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Date
06 Sep 2010
Tags
Innsbruck 2012 , YOG

Interview with Innsbruck 2012 CEO Peter Bayer


In Singapore, we met Innsbruck 2012 CEO Peter Bayer and asked him how he saw the first Youth Olympic Games and what Innsbruck can learn from the organisation of the YOG.

Gernot Bachler: Do you think the first Youth Olympic Games in Singapore were a success?
Peter Bayer:
Yes absolutely. The young participants came from around the world to share this special and unique spirit only Olympic Games have. They learned life lessons, made new friends and produced fantastic sports competitions. All of this created an incredible atmosphere, and the first ever Youth Olympic Games in the history of the Olympic Movement have definitely been a success.

GB: Do you think Youth Olympic Games are a good idea? How did the Games in Singapore match your expectations?
PB
: It was great to be part of this new and inspiring movement inside the Olympic family – seeing the enthusiasm of young people from all around the world, celebrating in the spirit of friendship, respect and excellence, is a great initiative. Singapore did a great job in putting on these inaugural YOG.

GB: What can Innsbruck 2012 learn from the organisation of the Games in Singapore?
PB
: The Organising Committee in Singapore definitely did a great job in all areas – be it logistics, the Culture and Education Programme (CEP), the ceremonies, the sports competitions, or the set-up of the Youth Olympic Village: the whole event was very well organised and, if there were minor problems, they were immediately addressed. Coming to Singapore and having the chance to observe everything was a great experience for the Innsbruck 2012 delegation, and we returned home with many unforgettable impressions.

As the Youth Olympic Games in Innsbruck will be Winter Games, we will definitely operate on a different level. Nevertheless, Innsbruck has a very huge Olympic heritage, and, with YOG 2012, we are now able to build a bridge from our Olympic tradition to the future. With innovative ideas and the knowhow of our partners (local federations, venue owners, etc.) we will strive for a very well-organised sporting and cultural festival, which will inspire young people all around the world.

GB: How much will you rely on the experiences of the athletes in preparation for Innsbruck?
PB
: The input of the athletes is of course very important for us. Besides observing all the sports and CEP venues and having a lot of meetings with the Singapore Organising Committee, we also used our journey to Singapore to talk to the athletes. We have a lot of input and we will definitely integrate this in our preparations. Furthermore, we would like to organise workshops where the athletes can give us additional input. So, as much as we can and the athletes allow us to, we will definitely integrate them in the preparations for Innsbruck 2012.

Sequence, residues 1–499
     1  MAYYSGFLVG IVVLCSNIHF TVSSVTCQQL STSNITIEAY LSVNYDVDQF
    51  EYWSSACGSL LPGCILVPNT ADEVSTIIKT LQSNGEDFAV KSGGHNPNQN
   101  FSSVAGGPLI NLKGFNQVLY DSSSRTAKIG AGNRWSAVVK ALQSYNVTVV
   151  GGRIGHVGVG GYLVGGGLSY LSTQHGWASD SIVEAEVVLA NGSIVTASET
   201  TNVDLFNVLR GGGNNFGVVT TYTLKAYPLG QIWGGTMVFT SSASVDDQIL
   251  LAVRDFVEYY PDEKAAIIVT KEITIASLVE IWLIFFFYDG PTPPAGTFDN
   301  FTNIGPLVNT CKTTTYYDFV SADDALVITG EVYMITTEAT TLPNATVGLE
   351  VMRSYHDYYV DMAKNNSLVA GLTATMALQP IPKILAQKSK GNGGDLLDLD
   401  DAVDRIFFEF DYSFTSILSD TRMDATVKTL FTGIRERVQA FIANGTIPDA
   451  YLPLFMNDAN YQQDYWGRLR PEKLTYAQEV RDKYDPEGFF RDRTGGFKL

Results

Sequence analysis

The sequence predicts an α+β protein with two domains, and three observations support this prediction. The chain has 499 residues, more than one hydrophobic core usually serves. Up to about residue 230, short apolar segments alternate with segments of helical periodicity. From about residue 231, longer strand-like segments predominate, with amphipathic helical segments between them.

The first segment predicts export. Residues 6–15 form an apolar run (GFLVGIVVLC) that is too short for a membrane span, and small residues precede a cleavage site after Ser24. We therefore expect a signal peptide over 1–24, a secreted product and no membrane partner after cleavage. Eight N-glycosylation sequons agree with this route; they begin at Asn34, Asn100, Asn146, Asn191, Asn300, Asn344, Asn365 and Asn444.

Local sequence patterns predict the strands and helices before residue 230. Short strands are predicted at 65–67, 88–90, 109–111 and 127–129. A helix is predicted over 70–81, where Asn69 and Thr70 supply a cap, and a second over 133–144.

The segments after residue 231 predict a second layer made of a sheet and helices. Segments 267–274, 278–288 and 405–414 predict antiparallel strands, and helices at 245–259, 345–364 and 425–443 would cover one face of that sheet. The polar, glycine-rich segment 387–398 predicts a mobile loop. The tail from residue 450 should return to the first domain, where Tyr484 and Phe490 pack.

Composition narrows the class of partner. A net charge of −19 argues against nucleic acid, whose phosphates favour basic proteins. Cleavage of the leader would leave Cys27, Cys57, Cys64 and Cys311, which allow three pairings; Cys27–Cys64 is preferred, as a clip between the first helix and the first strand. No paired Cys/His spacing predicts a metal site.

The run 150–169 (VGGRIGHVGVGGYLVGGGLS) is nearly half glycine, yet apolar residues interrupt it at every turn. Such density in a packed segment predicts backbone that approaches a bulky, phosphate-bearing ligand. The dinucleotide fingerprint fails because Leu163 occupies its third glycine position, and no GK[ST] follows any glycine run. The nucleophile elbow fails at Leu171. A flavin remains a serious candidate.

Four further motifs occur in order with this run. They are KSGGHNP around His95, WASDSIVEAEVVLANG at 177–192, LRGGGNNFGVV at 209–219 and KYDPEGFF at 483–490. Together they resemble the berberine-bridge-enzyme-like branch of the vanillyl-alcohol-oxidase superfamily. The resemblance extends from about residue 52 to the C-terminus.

GB: What will be some differences?
PB
: Regarding differences, we have to say that Olympic Winter Games are usually about one- third the size of Summer Games. Innsbruck 2012 will host 1,058 athletes instead of 3,600 and about 70 nations instead of 205. When it comes to operations, one of Innsbruck’s big advantages is the size of the city. As we are a lot smaller than Singapore, everything is within 10 minutes, the Youth Olympic Village is in the middle of Innsbruck city, and Seefeld and Kühtai are only 40 minutes away.

Furthermore, most of the people in Innsbruck/Tyrol/Austria are big sports enthusiasts. The Austrian people enjoy participating in and watching sport and we are therefore looking forward to celebrating the 1st Winter Youth Olympic Games together with them.

GB: Will you host an event similar to the Culture and Education Programme?
PB
: The CEP was a totally new experience for all members of the Olympic family. Observing the different projects and initiatives of the CEP was therefore very interesting and important for us – and what we saw makes us very happy. All the participants spoke very positively about the new mix of sport and culture. With the IOC and Singapore, we will now intensively discuss the overall outcome of the CEP. Together with our athletes, who should take part in the planning, the CEP will be adapted and continued.

GB: How good are the preparations for the Winter Games in Innsbruck? What problems do you expect?
PB
: The preparations are going very well. When the IOC Coordination Commission, under the guidance of Gian Franco Kasper, visited Innsbruck the last time (June 2010) they were very happy with our progress. We are now in the operational planning phase and, with a great young organising team, we are sure that the capital in the heart of the Alps is capable of organising a unique sporting and cultural festival, which will inspire young people around the whole as well as the local population.

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